The story of Malayan Tiger Mek Degong is a bit fuzzy. It looks like she came to the US sometime in 2003, after being captured by Malayan authorities. Over the years I've heard several variations of the story as to why she was captured, it seems she was either scaring villagers by getting too close, or eating the villagers' livestock, or eating the villagers. Who knows? At least she wasn't killed, either by authorities or poachers, and she ended up in San Diego. I have photos of her going way back on this blog, including her litter of three cubs in 2009, then Christopher and Connor in 2011. You could say that she is the "mother of all tigers" because she is in fact the mother of all of the other tigers at the San Diego Zoo right now. Mek moved from San Diego up to Fresno in late 2013, where she had four more cubs in January of 2014, bringing the total up to 11. Two of those cubs, the males Cinta and Berani, have been here in San Diego since November of 2014. There are lots of pictures of the two of them on this blog. Fresno Zoo is apparently going to renovate its tiger habitat and so . . . Mek is back in San Diego. Here are a few pictures from one of Mek's first days out in the large enclosure.
They are not even sure exactly how old Mek is, so they are using the assumption that she is 20 this year, which makes her a fairly old cat. Still, she is quite quick and alert, and from what I saw yesterday, still fairly aggressive and loud. Click here to see more pictures of Mek Degong, one of the Malayan Tigers at the San Diego Zoo.
All images in this post were taken with a Fujifilm X-T2 and XF55-200mm lens.
We spent a day at Universal Studios Hollywood back in late April. It was a blast. The last time I was there everything was still in black & white. It sure has changed. The main thing we wanted to see were all the Harry Potter attractions, and it was worth is just for that. The rest of it was really good too, including the Waterworld show, the Studio Tour, and even the Walking Dead thing. It was crowded (we went on a Saturday) but it was fun. They were previewing a special light show called Dark Arts at Hogwarts Castle, and we waited (along with a shoulder-to-shoulder crowd) for well over an hour before it started. It was impressive.
Standing around, waiting for the light and sound show to start.
Click here to see more images from our day at Universal Studios Hollywood in late April of 2019. All images taken with a Fujifilm X100F using the Velvia or Acros film simulations.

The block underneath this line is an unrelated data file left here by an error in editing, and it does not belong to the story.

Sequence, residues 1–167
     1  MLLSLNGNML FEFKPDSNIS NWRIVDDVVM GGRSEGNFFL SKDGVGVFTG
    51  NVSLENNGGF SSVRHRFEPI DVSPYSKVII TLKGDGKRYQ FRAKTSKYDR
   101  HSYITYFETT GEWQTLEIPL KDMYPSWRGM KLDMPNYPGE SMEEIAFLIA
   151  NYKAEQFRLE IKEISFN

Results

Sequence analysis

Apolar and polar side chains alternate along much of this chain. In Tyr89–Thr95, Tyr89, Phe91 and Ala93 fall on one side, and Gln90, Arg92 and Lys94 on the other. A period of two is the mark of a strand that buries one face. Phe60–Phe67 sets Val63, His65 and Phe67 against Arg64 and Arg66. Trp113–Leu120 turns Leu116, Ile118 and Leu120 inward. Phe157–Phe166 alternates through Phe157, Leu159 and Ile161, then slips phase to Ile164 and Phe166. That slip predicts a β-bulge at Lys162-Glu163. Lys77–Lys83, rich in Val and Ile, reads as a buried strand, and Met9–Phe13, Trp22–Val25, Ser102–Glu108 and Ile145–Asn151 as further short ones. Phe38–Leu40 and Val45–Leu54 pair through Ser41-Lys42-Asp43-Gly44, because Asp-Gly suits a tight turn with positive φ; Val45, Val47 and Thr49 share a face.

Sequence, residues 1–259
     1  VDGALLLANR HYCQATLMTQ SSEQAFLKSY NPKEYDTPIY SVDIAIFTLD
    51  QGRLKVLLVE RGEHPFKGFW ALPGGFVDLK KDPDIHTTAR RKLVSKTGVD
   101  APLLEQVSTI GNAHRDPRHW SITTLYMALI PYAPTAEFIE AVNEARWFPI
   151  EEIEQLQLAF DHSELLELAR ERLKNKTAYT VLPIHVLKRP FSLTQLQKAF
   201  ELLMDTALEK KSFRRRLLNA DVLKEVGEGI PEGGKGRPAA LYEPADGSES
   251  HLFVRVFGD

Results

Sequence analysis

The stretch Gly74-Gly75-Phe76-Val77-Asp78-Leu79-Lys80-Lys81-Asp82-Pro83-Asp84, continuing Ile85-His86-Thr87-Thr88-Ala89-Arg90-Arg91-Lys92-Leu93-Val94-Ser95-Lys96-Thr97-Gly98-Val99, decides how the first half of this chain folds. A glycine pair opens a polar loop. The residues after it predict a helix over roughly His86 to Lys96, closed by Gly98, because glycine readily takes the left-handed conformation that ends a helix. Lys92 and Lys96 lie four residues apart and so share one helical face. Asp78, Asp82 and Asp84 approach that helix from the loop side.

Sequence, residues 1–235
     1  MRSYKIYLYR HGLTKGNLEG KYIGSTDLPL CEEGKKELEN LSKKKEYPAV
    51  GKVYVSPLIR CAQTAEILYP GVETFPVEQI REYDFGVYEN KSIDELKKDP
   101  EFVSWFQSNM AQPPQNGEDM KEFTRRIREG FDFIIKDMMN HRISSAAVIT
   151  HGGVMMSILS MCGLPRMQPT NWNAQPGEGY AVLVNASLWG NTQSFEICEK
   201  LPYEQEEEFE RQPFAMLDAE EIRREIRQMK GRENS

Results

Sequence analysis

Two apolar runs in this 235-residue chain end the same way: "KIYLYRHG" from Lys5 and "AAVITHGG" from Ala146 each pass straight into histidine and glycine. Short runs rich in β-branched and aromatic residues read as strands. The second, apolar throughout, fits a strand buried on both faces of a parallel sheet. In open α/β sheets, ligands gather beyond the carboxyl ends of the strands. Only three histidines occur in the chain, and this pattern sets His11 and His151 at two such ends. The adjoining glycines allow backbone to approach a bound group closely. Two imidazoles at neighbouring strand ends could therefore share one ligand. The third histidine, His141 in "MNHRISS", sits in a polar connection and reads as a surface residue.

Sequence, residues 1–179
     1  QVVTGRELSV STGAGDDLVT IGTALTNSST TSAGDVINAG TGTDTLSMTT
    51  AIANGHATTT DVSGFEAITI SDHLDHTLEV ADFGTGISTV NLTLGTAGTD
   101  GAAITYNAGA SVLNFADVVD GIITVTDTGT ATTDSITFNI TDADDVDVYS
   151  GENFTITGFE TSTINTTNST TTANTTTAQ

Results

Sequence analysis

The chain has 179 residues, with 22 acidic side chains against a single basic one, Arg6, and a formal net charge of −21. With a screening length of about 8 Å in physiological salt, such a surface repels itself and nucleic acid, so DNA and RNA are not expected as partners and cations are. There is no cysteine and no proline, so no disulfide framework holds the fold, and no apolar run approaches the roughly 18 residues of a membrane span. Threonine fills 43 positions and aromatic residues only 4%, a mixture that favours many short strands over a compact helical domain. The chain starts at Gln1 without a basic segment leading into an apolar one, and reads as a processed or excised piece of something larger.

The old Los Angeles Zoo was open from 1912 to 1965 before moving to its current location. I actually remember going to this Zoo as a young child.
I like that they've left many of the old structures in place, and turned it into a family picnic area. Some of the old stairways used by the keepers to get to the back of the grottos are covered in colorful graffiti. They are supposedly fenced off, but there are lots of holes in the fencing. We saw several groups using it as a location for photos and videos when we stopped by on our way home from Universal Studios in April.
Click here to see a few more images from the Old Los Angeles Zoo in Griffith Park. All images taken with a Fujifilm X100F using the Velvia film simulation.
The last day of our Lone Pine Road Trip was a short one. I got up early and went out to the Alabama Hills to photograph the mountains at sunrise. Then it was back to the hotel to pick up Heather, get one last breakfast at the Alabama Hills Cafe, pack up the Xterra and try to beat the traffic home. The sunrise light was amazing. The sun rises over the Inyo Mountains to the east, which are about 10,000' high, and the crest of the Sierra Nevada Mountains is about 14,000' high when looking west from the Alabama Hills. The Hills themselves sit at around 4,000' elevation. What all that means is that the tops of the Sierra Nevadas are in beautiful pinkish-orangish light well before you can actually see the sun coming up over the crest of the Inyos behind you.